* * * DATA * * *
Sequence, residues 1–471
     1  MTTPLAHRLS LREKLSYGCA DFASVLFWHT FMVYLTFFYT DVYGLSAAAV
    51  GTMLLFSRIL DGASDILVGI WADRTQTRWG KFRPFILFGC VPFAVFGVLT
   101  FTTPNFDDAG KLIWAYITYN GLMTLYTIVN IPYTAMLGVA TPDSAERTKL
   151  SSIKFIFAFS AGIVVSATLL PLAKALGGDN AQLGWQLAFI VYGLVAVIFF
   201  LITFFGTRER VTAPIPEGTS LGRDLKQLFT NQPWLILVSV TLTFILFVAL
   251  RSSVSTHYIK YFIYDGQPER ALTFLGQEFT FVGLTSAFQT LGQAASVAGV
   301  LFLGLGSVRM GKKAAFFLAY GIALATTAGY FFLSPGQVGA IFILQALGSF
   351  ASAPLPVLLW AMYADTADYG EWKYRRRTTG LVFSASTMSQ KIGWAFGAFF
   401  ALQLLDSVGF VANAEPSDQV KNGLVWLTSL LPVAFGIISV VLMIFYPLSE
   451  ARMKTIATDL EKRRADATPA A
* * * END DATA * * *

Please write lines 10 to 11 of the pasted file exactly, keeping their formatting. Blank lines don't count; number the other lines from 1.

   401  ALQLLDSVGF VANAEPSDQV KNGLVWLTSL LPVAFGIISV VLMIFYPLSE
   451  ARMKTIATDL EKRRADATPA A